Vodafone has become the second UK mobile operator to turn on its 5G network, offering faster speeds and the opportunity for new services.
Launched today at the Sky Garden in London, the company’s 5G network is now available in seven cities across the UK, including London, Manchester and Birmingham, as well as the Isles of Scilly, with plans to extend this reach a total of 19 towns and cities by the end of the year.
British F1 champion Lewis Hamilton took to the stage to push the 5G button along with Vodafone UK’s CEO Nick Jeffery.
The network has gone live in seven UK cities, including Cardiff, London, Manchester and Glasgow. Making a success of the service could be crucial to the firm which has seen financial losses and customer complaints in recent years. 5G networks offer more capacity than 4G with speeds up to 100 times faster.
The three other cities to benefit are Birmingham, Bristol and Liverpool. Twelve additional towns and cities will follow later this year – Birkenhead, Blackpool, Bournemouth, Guildford, Newbury, Portsmouth, Plymouth, Reading, Southampton, Stoke-on-Trent, Warrington and Wolverhampton.
Commenting on the announcement, Business Director of Vodafone UK, Anne Sheehan, said: “5G is a game-changer for the economy and UK businesses. We are committed to helping our customers take advantage of this technology by making it widely available in the UK and through roaming. We want to help UK businesses become global leaders and 5G will play an important role in achieving that aim.”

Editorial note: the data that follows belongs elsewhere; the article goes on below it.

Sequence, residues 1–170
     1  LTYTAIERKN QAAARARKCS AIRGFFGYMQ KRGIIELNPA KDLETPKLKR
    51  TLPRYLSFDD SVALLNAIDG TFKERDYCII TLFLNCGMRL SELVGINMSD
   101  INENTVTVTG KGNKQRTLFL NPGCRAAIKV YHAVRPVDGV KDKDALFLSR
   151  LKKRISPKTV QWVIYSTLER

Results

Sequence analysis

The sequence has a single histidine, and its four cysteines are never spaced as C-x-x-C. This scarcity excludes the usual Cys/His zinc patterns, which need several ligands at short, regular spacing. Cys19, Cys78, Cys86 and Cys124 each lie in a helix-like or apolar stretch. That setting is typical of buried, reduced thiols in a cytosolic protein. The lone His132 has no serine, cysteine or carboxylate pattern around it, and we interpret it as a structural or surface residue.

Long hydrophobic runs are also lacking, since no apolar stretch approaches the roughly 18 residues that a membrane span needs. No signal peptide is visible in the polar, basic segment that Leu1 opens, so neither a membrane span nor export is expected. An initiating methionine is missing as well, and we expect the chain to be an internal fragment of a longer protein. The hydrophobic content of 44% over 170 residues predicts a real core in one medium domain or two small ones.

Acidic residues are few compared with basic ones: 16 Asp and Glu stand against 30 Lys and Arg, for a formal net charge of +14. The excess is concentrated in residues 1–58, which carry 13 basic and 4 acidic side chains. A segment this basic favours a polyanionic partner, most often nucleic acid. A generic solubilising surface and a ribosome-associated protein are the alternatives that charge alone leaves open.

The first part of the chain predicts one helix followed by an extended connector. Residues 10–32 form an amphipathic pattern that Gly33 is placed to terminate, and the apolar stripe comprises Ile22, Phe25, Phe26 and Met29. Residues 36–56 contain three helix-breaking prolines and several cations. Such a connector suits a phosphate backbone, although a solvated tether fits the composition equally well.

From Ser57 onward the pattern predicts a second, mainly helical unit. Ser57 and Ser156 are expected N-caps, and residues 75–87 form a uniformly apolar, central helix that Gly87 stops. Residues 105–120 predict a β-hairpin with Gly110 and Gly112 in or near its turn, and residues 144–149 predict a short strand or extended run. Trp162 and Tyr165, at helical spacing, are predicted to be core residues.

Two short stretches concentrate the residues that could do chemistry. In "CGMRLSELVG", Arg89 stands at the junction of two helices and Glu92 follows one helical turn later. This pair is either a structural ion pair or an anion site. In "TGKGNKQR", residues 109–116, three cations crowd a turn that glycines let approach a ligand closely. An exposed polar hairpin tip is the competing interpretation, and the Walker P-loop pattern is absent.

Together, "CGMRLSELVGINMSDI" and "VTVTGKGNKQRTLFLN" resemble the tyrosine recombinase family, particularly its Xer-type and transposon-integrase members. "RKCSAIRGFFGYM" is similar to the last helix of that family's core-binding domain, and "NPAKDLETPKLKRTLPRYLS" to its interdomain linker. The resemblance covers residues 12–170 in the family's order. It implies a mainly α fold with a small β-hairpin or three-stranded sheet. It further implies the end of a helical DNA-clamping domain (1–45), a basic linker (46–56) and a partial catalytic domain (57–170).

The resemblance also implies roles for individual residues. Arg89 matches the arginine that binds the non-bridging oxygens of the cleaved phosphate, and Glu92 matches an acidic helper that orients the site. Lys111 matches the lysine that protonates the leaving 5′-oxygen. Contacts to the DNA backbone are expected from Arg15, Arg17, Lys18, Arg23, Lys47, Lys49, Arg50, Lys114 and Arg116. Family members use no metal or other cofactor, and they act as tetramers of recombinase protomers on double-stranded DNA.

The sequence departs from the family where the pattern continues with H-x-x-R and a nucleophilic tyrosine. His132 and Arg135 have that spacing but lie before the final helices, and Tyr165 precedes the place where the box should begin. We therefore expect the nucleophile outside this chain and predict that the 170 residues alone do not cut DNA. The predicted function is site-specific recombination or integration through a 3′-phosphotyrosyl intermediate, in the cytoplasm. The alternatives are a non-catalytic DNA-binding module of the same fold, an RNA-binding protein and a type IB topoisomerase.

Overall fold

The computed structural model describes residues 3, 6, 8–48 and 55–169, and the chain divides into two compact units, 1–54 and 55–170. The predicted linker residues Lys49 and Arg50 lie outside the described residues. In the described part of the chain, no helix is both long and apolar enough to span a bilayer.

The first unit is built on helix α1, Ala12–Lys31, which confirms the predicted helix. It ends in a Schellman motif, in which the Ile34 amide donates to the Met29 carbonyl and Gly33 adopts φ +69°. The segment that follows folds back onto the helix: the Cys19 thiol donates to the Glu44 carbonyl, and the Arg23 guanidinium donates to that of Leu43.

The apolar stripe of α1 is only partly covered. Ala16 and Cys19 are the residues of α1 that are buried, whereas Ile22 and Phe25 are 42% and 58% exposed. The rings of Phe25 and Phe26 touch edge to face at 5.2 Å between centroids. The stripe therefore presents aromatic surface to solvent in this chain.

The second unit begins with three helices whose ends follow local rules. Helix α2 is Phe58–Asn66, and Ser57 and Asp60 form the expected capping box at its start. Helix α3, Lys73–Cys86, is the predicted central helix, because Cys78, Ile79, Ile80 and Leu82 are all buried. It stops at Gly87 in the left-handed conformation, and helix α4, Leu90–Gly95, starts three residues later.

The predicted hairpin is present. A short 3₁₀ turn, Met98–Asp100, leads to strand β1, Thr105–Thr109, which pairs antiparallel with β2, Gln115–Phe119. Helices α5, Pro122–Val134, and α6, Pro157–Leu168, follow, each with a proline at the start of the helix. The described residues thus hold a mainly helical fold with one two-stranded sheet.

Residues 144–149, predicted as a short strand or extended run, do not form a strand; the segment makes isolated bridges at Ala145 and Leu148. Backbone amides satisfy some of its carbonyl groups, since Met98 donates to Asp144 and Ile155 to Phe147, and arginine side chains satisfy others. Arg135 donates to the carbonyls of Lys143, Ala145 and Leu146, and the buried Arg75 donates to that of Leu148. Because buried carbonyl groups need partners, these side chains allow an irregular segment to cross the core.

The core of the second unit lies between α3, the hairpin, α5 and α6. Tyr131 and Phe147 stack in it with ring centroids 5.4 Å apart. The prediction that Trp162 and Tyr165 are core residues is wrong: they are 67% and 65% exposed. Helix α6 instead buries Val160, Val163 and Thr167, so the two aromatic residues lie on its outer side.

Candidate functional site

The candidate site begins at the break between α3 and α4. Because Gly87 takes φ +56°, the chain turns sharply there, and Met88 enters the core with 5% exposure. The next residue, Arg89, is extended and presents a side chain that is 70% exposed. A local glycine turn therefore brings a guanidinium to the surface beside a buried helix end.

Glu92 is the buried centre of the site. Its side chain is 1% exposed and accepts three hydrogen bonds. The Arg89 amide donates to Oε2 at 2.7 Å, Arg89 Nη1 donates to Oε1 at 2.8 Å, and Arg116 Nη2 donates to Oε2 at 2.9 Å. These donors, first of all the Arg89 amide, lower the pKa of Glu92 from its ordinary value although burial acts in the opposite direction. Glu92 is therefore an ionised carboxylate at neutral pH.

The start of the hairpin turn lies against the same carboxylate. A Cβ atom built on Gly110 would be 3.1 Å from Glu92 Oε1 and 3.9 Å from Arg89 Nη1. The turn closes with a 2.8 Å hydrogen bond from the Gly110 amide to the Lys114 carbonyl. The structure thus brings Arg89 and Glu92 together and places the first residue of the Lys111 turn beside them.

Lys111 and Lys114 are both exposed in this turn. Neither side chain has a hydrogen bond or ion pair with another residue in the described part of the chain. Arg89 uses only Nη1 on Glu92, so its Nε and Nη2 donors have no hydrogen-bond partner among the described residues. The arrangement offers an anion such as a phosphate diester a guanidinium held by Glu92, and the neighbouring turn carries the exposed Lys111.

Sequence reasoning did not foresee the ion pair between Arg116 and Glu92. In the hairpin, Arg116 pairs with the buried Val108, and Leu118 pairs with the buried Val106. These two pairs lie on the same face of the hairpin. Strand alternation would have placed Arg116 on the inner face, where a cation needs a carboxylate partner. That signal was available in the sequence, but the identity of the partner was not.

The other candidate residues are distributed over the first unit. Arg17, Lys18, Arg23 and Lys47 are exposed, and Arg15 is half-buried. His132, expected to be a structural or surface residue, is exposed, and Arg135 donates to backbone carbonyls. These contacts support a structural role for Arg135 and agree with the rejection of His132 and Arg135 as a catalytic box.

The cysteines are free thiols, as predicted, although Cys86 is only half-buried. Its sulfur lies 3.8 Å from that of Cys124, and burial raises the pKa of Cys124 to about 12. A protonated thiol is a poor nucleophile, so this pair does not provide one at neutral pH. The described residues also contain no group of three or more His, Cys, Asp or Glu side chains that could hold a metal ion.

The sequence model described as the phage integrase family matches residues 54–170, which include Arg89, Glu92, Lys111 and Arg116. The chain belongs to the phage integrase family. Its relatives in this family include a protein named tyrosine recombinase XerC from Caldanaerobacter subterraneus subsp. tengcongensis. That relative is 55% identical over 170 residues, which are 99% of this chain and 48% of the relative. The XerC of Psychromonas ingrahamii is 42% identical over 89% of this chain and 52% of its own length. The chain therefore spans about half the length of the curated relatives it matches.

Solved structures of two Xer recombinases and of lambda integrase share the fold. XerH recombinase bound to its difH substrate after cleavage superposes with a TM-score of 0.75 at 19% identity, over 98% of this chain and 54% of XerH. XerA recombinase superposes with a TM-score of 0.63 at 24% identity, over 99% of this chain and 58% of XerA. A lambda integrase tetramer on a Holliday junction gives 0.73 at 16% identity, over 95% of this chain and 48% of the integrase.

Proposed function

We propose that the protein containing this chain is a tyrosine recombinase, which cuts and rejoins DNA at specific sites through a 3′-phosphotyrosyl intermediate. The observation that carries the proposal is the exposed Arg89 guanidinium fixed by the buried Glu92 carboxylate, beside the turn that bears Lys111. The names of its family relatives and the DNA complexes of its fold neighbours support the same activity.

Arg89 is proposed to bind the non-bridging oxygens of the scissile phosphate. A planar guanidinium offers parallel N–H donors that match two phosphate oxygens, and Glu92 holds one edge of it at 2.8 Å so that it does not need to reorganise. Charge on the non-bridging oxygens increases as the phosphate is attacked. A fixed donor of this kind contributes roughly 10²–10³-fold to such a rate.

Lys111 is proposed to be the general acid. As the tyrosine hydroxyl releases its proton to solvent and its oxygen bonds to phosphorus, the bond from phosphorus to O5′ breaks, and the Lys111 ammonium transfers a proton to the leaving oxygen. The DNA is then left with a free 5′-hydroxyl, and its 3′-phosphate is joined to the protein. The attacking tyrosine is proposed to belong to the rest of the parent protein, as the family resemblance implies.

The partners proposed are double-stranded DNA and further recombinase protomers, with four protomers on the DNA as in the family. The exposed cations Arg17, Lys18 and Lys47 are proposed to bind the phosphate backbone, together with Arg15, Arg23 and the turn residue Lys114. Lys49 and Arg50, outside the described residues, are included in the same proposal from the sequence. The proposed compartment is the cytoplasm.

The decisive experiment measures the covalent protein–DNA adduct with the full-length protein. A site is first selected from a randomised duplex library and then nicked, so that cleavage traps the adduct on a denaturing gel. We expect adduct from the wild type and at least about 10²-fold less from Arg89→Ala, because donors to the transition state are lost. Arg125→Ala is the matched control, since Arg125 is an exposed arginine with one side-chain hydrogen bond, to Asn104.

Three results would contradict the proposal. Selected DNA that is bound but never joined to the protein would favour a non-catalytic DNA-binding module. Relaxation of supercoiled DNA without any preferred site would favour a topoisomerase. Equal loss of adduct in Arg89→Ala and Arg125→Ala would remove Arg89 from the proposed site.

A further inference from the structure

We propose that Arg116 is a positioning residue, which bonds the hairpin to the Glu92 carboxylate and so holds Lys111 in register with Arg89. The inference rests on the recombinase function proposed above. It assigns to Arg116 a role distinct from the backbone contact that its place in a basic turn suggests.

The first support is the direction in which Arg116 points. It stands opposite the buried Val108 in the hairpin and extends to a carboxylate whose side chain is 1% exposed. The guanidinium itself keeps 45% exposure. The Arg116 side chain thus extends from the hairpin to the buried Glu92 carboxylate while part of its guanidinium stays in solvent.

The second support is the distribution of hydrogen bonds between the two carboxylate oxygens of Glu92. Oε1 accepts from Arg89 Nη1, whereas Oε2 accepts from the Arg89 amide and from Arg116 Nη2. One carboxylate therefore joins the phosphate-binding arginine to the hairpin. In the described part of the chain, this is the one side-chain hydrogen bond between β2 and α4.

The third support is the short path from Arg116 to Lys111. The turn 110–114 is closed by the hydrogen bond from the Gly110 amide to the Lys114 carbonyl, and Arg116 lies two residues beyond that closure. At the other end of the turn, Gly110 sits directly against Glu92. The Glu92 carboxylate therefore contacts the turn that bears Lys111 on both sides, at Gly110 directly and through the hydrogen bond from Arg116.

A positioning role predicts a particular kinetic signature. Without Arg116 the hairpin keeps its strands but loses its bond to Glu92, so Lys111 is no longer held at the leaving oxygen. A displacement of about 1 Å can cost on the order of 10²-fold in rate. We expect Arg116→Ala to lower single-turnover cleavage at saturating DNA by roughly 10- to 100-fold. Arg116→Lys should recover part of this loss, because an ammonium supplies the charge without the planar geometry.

“Speed-tiered unlimited data tariffs are a first for the UK. As a new concept, Vodafone will need to articulate the propositions carefully to consumers only just beginning to appreciate the value of megabytes and gigabytes,” said Kester Mann, a mobile analyst with research firm CCS Insight.
To encourage small businesses to take up 5G services, Vodafone is offering a series of new plans that give business customers access to unlimited data and 5G at the same price as 4G.
“After a hotly contested battle with Vodafone, EE claimed the honour of switching on the UK’s first 5G network, in May 2019. However, the reality is that being first means little to consumers and the initial launches this summer represent only the first few tentative steps in a marathon 5G journey ahead,” said Mann.
“The real winners in 5G will only become apparent several years down the line.”
“In 2012, the UK was only the 53rd nation to launch 4G behind places such as Guam, Azerbaijan and Kiribati. Now, with all four networks planning to switch on 5G in 2019 it moves from laggard to leader,” he added.